• Very poorly 14.29%

User Group Feedback

Read the board yourself!  Attendees, some organizers were in attendance.

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Analysis

Change is hard

People’s expectations were hard to alter. Especially in the sponsor realm where the person who books the sponsorship isn’t usually the person that comes on site.  One sponsor comment said “Without a booth, not worth our $5000!”  Well, yeah, that’s why we didn’t charge you $5k this year. People that go to multiple DevOpsDays, and especially sponsors, but even people who had just been to our event multiple years – we emailed and tweeted and blogged and put stuff on the signup forms, but the changes were still a surprise to many.  Voting on the talks was a concern not as much from speakers, but from people who “wanted their schedule set in advance!” and from people who were “afraid it makes speakers feel bad.”

Money isn’t hard

Even with the much lower sponsor cost this year ($3k), and lowering our headcount significantly (400), and providing the same great venue and lunches and breakfasts and drinks and not 1 but 2 shirts and blowing it out on the happy hour, plus being ripped off by our happy hour venue (not going back there!!!), we were still well in the black enough that we’re giving thousands of dollars to charity at the end of the event.

In fact, one of the advantages of this year’s format was that we weren’t giving 1/3 of our tickets away for free to a huge army of organizers, to speakers, etc.  Adding more sponsor stuff requires adding more volunteers that just eats back into the revenue stream again.

Specific Outcomes

Voting on talks

There was enough pushback that we won’t do that next year.  Submissions were lower this year, and a bunch of people dropped out before the event.  However, many of the people who dropped out are, to be blunt, the people we wanted to drop out. Talks “submitted on behalf of” someone. Vendor roadshow talks.

Here’s the thing – here in Austin, we’re pretty blessed.  We have a huge tech community with all the big players.  If you want to “have your secretary submit your talk, fly in, drive to the venue, give your talk, fly out” – whoever you are,  you really don’t have anything more interesting to say than the people who are already here. So if your goal being at DoDA isn’t to interact with the community, we have plenty of talk submissions already, thanks.  I get that if you’re starting up a DoD in the middle of nowhere the people on the “DevOps Talk Circuit” are key to bringing in new ideas and jumpstarting you, and I don’t devalue that.  But for us, we don’t need that and it doesn’t serve the needs of our current community.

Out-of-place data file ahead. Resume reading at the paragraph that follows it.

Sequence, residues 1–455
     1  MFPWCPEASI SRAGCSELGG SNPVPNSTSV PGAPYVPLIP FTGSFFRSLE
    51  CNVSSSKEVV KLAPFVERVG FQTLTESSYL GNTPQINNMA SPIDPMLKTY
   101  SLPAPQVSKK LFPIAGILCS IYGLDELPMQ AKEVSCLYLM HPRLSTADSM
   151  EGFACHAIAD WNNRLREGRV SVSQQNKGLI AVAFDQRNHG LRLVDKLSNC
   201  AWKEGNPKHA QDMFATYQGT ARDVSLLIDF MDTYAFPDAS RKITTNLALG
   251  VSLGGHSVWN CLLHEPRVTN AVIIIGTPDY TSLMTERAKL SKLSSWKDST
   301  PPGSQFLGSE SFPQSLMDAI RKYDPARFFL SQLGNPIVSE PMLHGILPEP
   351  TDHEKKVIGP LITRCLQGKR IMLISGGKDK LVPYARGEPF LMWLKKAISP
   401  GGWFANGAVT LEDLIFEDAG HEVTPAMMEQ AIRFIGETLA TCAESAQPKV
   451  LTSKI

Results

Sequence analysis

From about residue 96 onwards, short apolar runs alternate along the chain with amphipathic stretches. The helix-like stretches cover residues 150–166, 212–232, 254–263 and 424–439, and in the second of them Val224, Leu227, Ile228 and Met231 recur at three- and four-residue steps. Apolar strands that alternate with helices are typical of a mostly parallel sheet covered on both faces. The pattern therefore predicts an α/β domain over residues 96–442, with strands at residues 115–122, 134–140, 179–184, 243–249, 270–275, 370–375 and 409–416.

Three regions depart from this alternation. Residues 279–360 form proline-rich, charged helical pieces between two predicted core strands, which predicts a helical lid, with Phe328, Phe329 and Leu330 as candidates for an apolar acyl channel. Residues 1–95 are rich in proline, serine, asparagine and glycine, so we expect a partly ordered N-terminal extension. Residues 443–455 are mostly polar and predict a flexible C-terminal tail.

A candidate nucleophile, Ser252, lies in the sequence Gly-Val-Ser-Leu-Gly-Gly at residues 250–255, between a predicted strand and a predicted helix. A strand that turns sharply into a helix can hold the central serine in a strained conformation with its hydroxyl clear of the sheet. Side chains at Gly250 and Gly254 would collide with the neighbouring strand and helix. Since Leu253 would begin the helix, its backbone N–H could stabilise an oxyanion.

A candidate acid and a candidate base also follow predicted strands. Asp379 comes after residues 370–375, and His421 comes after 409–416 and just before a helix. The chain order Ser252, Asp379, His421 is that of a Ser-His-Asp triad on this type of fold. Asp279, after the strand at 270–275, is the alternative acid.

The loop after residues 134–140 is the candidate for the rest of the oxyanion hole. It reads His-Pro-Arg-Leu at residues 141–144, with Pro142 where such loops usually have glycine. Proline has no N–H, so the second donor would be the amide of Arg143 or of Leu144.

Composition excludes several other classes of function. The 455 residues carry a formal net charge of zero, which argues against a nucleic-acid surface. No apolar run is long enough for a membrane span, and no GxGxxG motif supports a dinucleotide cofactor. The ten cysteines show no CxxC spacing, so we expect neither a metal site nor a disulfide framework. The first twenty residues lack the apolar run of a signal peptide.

This isn’t to say people from away aren’t welcome – John Willis is from Atlanta but he’s part of our community, because when he comes here that’s how he interacts with us.  (One of the “What did you like the most” survey comments simply said “John Willis.”)

People suggested various half-measures – “have us vote a week before!” But the additional logistics on that is very much not worth it, especially given what we think we’ve learned about our talk needs – read on for that!

Sponsor tables

OK, no sponsor tables was not universally beloved. Some sponsors – and not just the “here for the leadz” sponsors we were deliberately discouraging with the format – didn’t like it because it was harder to interact with folks about their product. But – here’s the rub – we had just as many complaints last year when we *did* have sponsor tables!  “My table was in the corner.” “There wasn’t enough foot traffic driven to me.”

The stadium format is pretty “noisy” and if we had sponsor tables back we’d have to do talks in some far-away rooms again, and removing those rooms this year saved us a lot of money and also people always hated it (like – FAR away).

Also, I’ll be honest, we had problems with sponsor misbehavior last year.  Silver sponsors claiming a table and standing behind it like a gold. Sponsors going out on the field (forbidden by UT). Sponsors trying to have food trucks park outside (also forbidden by UT police). Disruptive activity of a number of different sorts, requiring lots of work by organizers and volunteers and venue staff to deal with. I am sure many of them thought they were being “scrappy” etc. but in the end, we don’t get paid for this conference so we don’t need to put up with crap for it either. Discussion about “firing” certain sponsors was had.

We aren’t going back to the usual sponsor tables, but we are going to try something even more different – read on for that!

Boxed lunches

In early DoDA, we kept having super-deluxe Austin fare – BBQ, tex-mex – not from a caterer but from the real good places. This was for all the folks from away we were bringing in and wanted to show an Austin good time to!

Unfortunately, last year food lines for 650 people were a problem. Vendors weren’t adequately prepared with people or food.  We had to have many volunteers assigned. Food lines were super long and slow and a source of frustration.